The Cristobal Columbus was none other than to find a new route that reached the coasts of the Asian continent by sailing westwards, that is, crossing the Atlantic Ocean, in those times better known as the Oceans Sea or the Dark Sea.
Fall of Constantinople
The reason for the search for these new routes was the occupation of Constantinople by the Ottomans, a zone of obligatory passage for the European countries towards the species trade, so that in order to acquire these goods they should do so with their permission and supervision, something that was unacceptable. In this race to reach Asian products in a different way, the Portuguese took advantage thanks to Bartolomé Días, who turned the cape of Buena Esperanza in 1488 and sailed north on the way to Asia, but soon after a storm surprised them and nearly sinked the ships. Días wanted to continue the voyage but the crew rebelled because of the few provisions that remained and because the ships needed to be arranged for safe navigation. Seeing how ugly the matter was getting, the captain accepted the proposal and returned to Portugal. In the same way, Vasco de Gama would get to Asian lands in a trip that departed from Lisbon in 1497 and arrived in Calicut in India in 1498.
Toscanelli calculations and Marco Polo trips
The idea began to haunt Columbus with the reading of certain works and documents that suggested this possibility of reaching the Indies through the West and in which calculations were made on the possible distances to travel. Toscanelli, a mathematician and Florentine astronomer, suggested that the circumference of the earth was about 30,000 km, when in fact it is about 40,000 km. So, knowing the distances from Europe to Asia through the east, he took it to deduce that Asia was at about 750 sea leagues (4,500 km), much less distance from what it really is.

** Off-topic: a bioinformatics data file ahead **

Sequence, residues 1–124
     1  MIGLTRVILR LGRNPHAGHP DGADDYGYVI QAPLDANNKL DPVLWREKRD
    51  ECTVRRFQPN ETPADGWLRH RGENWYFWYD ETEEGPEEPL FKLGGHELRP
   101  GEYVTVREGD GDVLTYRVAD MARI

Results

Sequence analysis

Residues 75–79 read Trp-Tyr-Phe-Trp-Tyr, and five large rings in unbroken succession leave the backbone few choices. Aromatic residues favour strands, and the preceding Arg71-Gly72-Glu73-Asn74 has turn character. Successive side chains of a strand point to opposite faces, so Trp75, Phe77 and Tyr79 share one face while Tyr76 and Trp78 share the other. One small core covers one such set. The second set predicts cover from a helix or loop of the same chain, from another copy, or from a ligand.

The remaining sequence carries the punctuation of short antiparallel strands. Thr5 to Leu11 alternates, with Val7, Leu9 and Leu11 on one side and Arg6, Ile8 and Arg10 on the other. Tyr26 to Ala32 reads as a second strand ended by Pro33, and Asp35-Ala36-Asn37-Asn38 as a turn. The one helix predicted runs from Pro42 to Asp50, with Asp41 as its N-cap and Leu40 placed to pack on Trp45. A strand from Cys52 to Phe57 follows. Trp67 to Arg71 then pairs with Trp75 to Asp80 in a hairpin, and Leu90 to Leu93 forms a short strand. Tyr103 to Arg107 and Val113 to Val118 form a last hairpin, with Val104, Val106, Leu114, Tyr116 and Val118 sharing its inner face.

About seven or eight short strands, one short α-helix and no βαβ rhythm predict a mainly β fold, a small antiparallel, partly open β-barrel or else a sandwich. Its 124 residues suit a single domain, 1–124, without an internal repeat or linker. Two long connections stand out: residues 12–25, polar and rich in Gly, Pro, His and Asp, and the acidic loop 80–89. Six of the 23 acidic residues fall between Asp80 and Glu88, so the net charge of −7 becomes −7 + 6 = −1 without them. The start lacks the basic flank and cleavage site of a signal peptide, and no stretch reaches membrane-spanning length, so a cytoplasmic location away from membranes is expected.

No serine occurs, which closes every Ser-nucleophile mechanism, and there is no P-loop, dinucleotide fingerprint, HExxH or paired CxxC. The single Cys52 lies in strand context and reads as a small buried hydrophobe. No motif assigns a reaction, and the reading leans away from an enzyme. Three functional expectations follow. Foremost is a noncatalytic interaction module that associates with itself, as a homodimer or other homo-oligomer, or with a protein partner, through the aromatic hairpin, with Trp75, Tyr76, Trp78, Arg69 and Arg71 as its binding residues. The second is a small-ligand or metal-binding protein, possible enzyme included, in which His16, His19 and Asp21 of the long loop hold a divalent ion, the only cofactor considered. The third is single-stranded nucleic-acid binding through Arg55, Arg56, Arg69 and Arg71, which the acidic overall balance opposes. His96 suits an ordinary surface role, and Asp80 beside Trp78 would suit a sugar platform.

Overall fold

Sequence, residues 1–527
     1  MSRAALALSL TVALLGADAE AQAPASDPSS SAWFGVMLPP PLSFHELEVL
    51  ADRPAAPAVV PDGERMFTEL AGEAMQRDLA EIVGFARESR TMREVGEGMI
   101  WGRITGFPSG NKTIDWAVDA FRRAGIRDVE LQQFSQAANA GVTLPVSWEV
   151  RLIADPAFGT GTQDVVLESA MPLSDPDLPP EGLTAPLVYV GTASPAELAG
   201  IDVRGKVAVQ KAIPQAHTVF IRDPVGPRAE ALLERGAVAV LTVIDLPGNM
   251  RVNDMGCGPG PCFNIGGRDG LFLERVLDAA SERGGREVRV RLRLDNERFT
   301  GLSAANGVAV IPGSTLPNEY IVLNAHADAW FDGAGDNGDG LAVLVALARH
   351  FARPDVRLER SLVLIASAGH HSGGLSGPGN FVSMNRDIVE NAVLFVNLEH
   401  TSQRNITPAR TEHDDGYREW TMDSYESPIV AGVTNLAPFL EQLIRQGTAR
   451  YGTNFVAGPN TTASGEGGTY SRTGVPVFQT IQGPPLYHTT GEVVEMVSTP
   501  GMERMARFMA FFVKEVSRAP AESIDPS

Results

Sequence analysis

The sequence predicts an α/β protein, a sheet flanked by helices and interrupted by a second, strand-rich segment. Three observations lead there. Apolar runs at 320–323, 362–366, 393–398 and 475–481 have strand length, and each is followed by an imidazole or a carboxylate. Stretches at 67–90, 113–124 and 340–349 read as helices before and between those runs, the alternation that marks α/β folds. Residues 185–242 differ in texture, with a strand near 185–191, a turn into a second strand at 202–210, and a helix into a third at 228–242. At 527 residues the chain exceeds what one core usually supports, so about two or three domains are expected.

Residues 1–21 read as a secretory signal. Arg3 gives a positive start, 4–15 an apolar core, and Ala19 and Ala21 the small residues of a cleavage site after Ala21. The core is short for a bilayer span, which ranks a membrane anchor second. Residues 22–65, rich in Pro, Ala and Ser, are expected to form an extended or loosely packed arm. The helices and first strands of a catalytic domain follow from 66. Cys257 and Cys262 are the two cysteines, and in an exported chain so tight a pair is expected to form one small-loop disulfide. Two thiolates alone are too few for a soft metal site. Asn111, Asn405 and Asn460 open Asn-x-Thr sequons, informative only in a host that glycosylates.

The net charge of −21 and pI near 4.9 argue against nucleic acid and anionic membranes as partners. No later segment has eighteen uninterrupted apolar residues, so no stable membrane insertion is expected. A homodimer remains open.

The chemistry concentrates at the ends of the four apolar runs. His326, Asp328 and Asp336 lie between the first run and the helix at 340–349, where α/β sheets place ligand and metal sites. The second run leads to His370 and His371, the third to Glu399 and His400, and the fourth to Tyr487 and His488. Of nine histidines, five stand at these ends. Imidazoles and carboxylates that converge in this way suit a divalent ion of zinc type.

Columbus also eagerly read The Journeys of Marco Polo, in which he recounts the adventures and experiences of the famous Venetian merchant and explorer on his journey to Catai (China) and the return trip through Malacca, Ceylon, India and Persia. With this book, he recreated in his mind how those very rich Indies who wanted to colonize and extract from them all the possible riches would be. He also consulted the Imago Mundi, a cosmographic treatise written at the beginning of the 15th century in which the sphericity of Earth and its rotation around the Sun was taken for granted.
Theory of the Prenauta, Alonso Sánchez
Another reason why the genovese embarked on this adventure was that Columbus picked up a nautical man named Alonso Sánchez, a Huelva sailor, who confided to him that a storm dragged his fishing boat in the ocean to unknown shores. They were received very kindly by native women of strange appearance and after a brief stay they prepared the ship for their return, only this courageous sailor. But Alonso arrived so battered and ill that he finally died while Columbus welcomed him into his home, a fact that has also stirred up bad tongues, claiming that it was Columbus who killed him so that the secret wouldn’t be passed on and thus ensure that only he knew it and, consequently, make the most of it. It is the history of Prenauta or Prediscoverer.
Table of contents of the voyages of Christopher Columbus- Summary of Christopher Columbus' travels
- Christopher Columbus' project
- Funding of the Columbian project
- Capitulations of Santa Fe
- Preparations for the first trip
- The Discovery of America - First voyage of Christopher Columbus
- Discovering a New World
- Return of the first trip
- Christopher Columbus in Barcelona
- Preparations for Columbus' second voyage: colonization - Columbus' second voyage to America
- Disaster at Fuerte Navidad
- La Isabela: first city of the New World
- Searching for the continent
- Rebellion of Francisco Roldán
- Third voyage of Columbus and Discovery of the continent
- Colón captured by Judge Bobadilla
- Investigation against the Columbus
- Colón's fourth trip: Expedition through Central America
- Columbus Wrecks in Jamaica: Rebellions and Civil Wars
- Christopher Columbus' fifth and final voyage